Well, this really does make me laugh (although I find it harder and harder to actually laugh)! There are many things I would like to touch on more, such as current notions of artificial general intelligence and its ‘containment’ or indeed accelerationist thought (in all its guises) but they fall outside the scope of this article on Cosmism. But what these thoughts do reflect is an unease about the current state of the world and the human in the wider frame of the cosmos: it’s not a coincidence that Federov and the early cosmists were deeply influenced by religion, for religion offered - and still offers to many who embrace it - a way of understanding their place in time and space. With the collapse of religion in many of our societies, new ways of thinking about our own subjective and collective futures are desperately needed.
There is no world religion today that has an ethics or moral code for how we should relate to that part of us which is digital. This is a crisis looming on the horizon. There are no proper religious tools to deal with our relationship to climate change or mass species extinction. How do we resurrect or bury that large part of ourselves bound up in our social media accounts, our online banking, or credit ratings? We need neo-museums of the future for this, we need a new relationship to time itself. As another artist Trevor Paglen put it when assessing Russian Cosmism:
We need to think about time differently, so that the future does not become the enemy of the present...Perhaps this involves a different kind of resurrection: by developing a more ethical relationship to the environment and to technology, can we resurrect ourselves from the accumulated data about us that the future will weaponize against us? Should we, perhaps paradoxically, demand the right to digital death at the touch of a button, to wipe our metadata signatures clean? On the other hand, can we resurrect the people who have not been born yet, but who nevertheless died prematurely due to environmental devastation, hunger, racism, and inequality? Perhaps by learning from Fedorov to think about time as a landscape—one that we shape in the same way that we shape the earth’s surface—we can develop a framework for thinking some of our most urgent crises.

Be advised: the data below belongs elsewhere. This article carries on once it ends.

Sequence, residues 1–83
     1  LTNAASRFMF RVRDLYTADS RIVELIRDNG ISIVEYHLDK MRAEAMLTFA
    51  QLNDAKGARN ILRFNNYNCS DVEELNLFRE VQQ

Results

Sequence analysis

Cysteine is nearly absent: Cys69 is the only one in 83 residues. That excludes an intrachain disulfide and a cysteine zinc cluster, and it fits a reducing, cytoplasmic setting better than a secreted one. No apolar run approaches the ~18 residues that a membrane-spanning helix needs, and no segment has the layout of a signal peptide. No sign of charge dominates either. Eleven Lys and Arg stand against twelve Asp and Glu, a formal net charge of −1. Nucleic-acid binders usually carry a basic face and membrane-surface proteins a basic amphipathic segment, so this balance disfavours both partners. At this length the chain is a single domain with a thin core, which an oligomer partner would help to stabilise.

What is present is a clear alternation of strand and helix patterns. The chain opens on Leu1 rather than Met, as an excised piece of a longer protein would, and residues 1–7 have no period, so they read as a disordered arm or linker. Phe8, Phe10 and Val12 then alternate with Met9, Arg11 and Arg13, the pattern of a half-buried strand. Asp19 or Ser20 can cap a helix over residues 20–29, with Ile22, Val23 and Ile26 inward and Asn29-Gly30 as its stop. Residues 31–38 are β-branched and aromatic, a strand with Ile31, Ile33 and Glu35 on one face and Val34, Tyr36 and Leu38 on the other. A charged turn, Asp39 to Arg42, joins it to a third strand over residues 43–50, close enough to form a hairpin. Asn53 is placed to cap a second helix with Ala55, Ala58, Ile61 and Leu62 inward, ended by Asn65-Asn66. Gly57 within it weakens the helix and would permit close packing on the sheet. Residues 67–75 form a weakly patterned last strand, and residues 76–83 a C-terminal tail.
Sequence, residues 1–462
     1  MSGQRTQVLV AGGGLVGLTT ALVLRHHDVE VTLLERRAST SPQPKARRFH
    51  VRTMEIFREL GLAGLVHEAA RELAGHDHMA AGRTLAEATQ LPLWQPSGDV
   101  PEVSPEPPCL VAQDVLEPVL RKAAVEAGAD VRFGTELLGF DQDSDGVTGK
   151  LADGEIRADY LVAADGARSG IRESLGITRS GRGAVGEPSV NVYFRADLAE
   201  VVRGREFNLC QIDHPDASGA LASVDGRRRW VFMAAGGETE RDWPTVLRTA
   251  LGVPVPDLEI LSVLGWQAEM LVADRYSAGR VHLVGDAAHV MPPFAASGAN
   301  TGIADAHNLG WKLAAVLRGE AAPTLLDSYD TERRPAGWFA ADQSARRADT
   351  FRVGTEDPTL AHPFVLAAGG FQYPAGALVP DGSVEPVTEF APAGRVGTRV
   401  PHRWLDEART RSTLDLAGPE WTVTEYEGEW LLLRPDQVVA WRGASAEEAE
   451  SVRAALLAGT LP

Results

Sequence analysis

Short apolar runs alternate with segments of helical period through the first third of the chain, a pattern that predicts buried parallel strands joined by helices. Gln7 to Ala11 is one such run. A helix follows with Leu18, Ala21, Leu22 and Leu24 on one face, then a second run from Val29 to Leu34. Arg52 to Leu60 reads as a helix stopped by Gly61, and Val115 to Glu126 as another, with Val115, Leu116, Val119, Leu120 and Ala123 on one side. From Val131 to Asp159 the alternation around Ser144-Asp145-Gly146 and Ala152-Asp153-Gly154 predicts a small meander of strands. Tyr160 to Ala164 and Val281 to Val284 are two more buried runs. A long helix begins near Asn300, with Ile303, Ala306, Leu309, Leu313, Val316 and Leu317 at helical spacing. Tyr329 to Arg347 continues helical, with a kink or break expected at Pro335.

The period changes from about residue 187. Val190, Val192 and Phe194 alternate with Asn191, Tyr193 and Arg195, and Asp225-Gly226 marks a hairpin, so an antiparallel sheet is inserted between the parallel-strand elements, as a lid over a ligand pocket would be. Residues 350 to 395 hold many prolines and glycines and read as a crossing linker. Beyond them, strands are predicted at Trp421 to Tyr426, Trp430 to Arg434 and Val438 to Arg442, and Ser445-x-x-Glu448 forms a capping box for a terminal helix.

After all there is also a clear impetus to reevaluate how we think about history if we take the idea of resurrection seriously: it has been pointed out that many aspects of thinking and social organisation have come and gone, fading from sight and becoming obsolete or long forgotten. We can take democracy as an example: violently extinguished in Ancient Greece, it would be next to impossible to convince someone in the 9th to 16th centuries that it would one day become wholly normative and the political organisation the world one day would become obsessed and driven by, namely our own present moment. The same of course is said about Marxism, and the same can be said about Cosmism.